There are several types of statistical and charting functions:
Aggregate functions
Most aggregate functions are used with numeric fields. However, there are some functions that you can use with either alphabetic string fields or numeric fields. The function descriptions indicate which functions you can use with alphabetic strings.
Function  Description  Commands  Examples 

avg(X)

Returns the average of the values of field X. See also, mean(X).  chart , stats , timechart , sparkline()

This examples returns the average response time:

c(X)  count(X)

Returns the number of occurrences of the field X. To indicate a specific field value to match, format X as eval(field="value").

chart , stats , timechart , sparkline()

This example returns the count of events where status has the value "404":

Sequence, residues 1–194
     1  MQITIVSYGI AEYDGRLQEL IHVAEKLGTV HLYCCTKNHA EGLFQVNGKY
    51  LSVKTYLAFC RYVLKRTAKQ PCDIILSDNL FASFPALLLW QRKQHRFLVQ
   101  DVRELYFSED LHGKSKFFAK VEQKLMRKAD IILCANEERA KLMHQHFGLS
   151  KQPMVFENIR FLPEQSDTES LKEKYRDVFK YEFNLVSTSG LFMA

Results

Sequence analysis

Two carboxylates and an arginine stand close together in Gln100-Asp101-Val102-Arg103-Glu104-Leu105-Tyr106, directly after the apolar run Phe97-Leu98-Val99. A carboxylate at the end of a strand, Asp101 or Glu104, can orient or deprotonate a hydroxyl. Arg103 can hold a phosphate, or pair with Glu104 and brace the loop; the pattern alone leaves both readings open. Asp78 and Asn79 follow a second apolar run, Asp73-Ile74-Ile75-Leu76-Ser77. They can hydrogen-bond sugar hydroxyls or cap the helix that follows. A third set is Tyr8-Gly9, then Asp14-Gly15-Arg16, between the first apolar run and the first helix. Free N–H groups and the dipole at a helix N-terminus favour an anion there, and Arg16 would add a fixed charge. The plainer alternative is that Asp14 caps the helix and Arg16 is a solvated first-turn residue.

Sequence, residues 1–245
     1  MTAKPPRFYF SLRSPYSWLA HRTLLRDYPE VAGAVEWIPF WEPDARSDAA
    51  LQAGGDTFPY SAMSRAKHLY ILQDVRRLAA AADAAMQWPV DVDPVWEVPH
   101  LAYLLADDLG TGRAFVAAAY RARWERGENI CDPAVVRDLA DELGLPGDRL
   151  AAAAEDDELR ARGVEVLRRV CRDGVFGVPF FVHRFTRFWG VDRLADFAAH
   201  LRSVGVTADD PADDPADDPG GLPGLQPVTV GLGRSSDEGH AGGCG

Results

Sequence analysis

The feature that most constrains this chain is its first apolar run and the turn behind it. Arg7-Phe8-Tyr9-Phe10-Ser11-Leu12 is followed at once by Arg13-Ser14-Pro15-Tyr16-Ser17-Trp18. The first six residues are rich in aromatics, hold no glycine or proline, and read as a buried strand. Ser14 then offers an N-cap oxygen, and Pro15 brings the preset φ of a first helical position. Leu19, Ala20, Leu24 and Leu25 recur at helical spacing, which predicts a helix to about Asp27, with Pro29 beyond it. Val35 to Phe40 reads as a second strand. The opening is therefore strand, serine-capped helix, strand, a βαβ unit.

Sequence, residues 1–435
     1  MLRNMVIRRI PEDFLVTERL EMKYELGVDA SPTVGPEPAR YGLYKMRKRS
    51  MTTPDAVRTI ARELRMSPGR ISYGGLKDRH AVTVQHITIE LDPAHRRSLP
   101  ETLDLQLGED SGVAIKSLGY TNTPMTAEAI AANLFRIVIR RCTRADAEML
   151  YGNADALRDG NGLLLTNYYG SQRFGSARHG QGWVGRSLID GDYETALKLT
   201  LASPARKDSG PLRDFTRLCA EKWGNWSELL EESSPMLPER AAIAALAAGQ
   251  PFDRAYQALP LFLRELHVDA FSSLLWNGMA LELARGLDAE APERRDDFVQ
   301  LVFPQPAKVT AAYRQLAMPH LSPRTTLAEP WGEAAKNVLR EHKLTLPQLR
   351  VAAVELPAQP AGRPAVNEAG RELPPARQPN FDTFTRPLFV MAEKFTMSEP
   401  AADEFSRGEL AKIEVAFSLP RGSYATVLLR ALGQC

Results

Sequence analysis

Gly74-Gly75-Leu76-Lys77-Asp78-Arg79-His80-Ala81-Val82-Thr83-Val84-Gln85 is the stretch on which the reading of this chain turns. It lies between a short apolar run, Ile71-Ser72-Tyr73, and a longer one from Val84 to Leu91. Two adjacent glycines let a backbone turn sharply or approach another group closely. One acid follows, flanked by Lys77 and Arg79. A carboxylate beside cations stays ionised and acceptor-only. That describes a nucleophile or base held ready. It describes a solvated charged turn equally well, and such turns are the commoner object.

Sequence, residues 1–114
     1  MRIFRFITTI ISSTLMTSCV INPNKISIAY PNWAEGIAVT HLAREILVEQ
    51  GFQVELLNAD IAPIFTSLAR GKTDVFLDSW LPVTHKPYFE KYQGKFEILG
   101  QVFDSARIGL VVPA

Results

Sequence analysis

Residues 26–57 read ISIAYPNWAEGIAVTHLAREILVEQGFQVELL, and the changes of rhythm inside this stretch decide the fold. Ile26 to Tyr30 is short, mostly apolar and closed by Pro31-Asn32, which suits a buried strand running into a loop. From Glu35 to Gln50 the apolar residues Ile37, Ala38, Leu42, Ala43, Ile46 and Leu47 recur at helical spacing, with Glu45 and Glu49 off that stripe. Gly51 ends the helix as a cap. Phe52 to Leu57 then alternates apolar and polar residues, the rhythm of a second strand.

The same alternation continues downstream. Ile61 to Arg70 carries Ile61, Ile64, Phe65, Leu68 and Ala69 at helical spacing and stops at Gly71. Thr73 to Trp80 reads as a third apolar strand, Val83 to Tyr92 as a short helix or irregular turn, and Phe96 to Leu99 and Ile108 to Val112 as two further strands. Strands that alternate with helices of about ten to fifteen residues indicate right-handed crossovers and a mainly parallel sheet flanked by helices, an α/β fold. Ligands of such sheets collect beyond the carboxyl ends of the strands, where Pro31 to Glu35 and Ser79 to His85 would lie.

These generate sparklines for the counts of events. The first looks at the

dc(X)  distinct_count(X)

Returns the count of distinct values of the field X.

chart , stats , timechart , sparkline()

This example generates sparklines for the distinct count of devices and renames the field, "numdevices":
This example counts the distinct sources for each sourcetype, and buckets the count for each five minute spans:

estdc(X)

Returns the estimated count of the distinct values of the field X.

chart , stats , timechart


estdc_error(X)

Returns the theoretical error of the estimated count of the distinct values of the field X. The error represents a ratio of abs(estimate_value  real_value)/real_value.